• USPTO Announces Extension of the After Final Consideration Pilot 2.0
  • October 17, 2018 | Author: W. Thomas Babbitt
  • Law Firm: Leech Tishman Fuscaldo & Lampl, LLC - El Segundo Office
  • The United States Patent and Trademark Office (“USPTO”) announced recently that its After Final Consideration Pilot 2.0 (“AFCP 2.0”) has been extended through September 30, 2019. Under the current patent examination process, a patent application is reviewed by a patent examiner for patent eligibility. If the patent examiner does not think the patent application meets the requirements for a patent grant, the examiner will issue a non-final office action explaining the reason(s) for rejecting the patent application. The patent applicant is provided an opportunity to make amendments and/or argue against the patent examiner’s reasoning in the non-final office action. If the patent examiner is not convinced by the amendments and/or arguments, the patent examiner will issue a final office action. Should the patent applicant desire to present additional amendments or arguments, often times such additional amendments or arguments would have to be presented in a Request for Continued Examination (“RCE”) with a corresponding fee, if a patent examiner determined that the additional amendments and/or arguments could not be fully considered within the allotted time provided to the patent examiner for consideration of after-final responses.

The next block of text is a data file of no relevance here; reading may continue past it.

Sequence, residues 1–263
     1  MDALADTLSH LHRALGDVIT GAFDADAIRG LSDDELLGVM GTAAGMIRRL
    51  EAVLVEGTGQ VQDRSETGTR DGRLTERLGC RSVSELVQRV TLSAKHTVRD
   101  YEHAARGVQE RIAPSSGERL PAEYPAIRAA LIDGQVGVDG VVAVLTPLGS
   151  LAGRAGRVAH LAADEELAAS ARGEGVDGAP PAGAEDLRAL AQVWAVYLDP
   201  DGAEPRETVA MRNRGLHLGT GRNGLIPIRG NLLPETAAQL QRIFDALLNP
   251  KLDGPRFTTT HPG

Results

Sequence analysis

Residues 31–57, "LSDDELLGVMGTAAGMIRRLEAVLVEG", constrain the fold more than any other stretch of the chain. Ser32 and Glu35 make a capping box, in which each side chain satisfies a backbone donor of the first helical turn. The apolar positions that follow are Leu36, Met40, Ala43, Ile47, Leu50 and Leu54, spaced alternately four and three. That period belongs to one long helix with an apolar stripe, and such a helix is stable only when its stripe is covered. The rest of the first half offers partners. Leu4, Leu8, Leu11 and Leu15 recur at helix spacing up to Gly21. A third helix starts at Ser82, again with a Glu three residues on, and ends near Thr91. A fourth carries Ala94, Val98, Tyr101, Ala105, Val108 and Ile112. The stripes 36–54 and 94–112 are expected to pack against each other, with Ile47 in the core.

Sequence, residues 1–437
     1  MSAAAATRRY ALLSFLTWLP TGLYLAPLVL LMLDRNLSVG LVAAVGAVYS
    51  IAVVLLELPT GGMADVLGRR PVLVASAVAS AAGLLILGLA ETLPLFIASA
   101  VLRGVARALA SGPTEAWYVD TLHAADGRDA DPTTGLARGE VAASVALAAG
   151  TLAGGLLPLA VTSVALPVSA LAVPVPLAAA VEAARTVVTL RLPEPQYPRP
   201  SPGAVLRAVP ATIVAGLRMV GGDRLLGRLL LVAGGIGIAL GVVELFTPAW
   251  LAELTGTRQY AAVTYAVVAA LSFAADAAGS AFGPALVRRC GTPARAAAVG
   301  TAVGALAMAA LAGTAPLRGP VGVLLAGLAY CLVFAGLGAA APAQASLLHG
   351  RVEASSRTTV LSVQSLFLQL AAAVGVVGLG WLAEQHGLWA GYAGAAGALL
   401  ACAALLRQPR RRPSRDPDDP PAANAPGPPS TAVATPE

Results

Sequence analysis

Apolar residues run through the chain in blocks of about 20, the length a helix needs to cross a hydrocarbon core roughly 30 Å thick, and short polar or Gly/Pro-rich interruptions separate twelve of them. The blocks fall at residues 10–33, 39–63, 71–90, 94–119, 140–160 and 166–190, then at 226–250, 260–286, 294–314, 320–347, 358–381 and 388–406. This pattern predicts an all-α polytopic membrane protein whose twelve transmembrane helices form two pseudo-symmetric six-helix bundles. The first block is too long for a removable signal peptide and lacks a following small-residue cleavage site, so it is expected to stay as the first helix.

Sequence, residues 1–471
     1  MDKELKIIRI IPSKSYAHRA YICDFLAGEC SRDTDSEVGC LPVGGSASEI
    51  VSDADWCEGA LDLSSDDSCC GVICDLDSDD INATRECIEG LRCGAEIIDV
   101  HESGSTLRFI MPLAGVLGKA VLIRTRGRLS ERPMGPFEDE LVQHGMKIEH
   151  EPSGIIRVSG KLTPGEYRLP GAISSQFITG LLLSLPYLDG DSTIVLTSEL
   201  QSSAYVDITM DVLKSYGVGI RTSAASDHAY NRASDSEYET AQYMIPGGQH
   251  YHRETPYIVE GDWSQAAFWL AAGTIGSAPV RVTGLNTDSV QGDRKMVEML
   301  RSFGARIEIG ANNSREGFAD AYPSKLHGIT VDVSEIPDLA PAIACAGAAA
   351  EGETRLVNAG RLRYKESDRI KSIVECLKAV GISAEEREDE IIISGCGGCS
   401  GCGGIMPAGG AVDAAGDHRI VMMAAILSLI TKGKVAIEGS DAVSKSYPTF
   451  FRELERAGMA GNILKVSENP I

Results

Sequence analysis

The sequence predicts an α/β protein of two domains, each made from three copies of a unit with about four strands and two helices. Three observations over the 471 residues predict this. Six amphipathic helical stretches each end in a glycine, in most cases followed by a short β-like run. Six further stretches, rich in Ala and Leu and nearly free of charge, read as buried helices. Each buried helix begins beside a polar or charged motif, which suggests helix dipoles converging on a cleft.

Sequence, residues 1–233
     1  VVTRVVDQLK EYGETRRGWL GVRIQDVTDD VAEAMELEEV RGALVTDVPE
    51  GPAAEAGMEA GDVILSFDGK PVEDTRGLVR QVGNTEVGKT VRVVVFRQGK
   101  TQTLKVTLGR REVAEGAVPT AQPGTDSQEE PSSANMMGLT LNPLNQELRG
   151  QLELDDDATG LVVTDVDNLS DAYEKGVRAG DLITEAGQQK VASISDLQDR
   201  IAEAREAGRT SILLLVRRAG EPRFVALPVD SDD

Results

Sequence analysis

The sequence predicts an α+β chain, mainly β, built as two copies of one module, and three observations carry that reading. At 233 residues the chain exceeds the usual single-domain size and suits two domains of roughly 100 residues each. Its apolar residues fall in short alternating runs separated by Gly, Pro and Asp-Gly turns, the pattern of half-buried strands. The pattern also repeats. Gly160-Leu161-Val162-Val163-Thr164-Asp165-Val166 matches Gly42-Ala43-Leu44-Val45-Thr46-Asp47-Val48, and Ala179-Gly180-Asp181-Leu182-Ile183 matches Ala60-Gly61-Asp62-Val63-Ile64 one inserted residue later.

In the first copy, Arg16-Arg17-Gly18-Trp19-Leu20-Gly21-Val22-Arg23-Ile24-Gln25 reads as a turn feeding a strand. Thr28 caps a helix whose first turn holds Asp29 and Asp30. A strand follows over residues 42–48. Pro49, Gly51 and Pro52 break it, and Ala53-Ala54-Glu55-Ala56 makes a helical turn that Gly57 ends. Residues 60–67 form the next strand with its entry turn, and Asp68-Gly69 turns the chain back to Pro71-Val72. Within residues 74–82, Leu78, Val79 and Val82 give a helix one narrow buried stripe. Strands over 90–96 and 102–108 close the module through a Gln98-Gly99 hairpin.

The AFCP 2.0 and its predecessor, the After Final Consideration Program (“AFCP”), began in 2012 as a way to enhance communication between patent examiners and patent applicants by authorizing additional time for patent examiners to search and/or consider responses after a final office action in lieu of the required RCE. Under the AFCP 2.0, patent examiners also use the additional time to schedule and conduct interviews to discuss the results of their search and/or consideration with patent applicants, if a response does not place the application in condition for allowance.

    To be eligible for consideration under the AFCP 2.0, a patent applicant must file a response to the final office action that includes a request for consideration under the pilot and an amendment to at least one independent claim that does not broaden the scope of the independent claim in any aspect. There are no fees unique to filing a request under the AFCP 2.0.

    In response to a request filed under the AFCP 2.0, a patent examiner will be allotted a set amount of time to consider the response and to conduct a search, if necessary. Patent examiners will continue to use their professional judgment to decide whether the response can be fully considered under the AFCP 2.0. In this regard, and because an AFCP 2.0 request does not affect the fee calculations for extending the three month period for responding to a final office action, patent applicants should seek to file any response with a request under the AFCP 2.0 quickly (e.g., within two months of the mailing date of the final office action). Patent applicants or their representatives should also make themselves available for an interview after filing the request for the AFCP 2.0 to benefit from the additional search and consideration afforded by the pilot, even when the result does not lead to allowance of an application.

    The USPTO encourages patent applicants considering filing a response to a final rejection that they believe will lead to allowance with only limited further searching and/or consideration by patent examiners, to take advantage of a request under the AFCP 2.0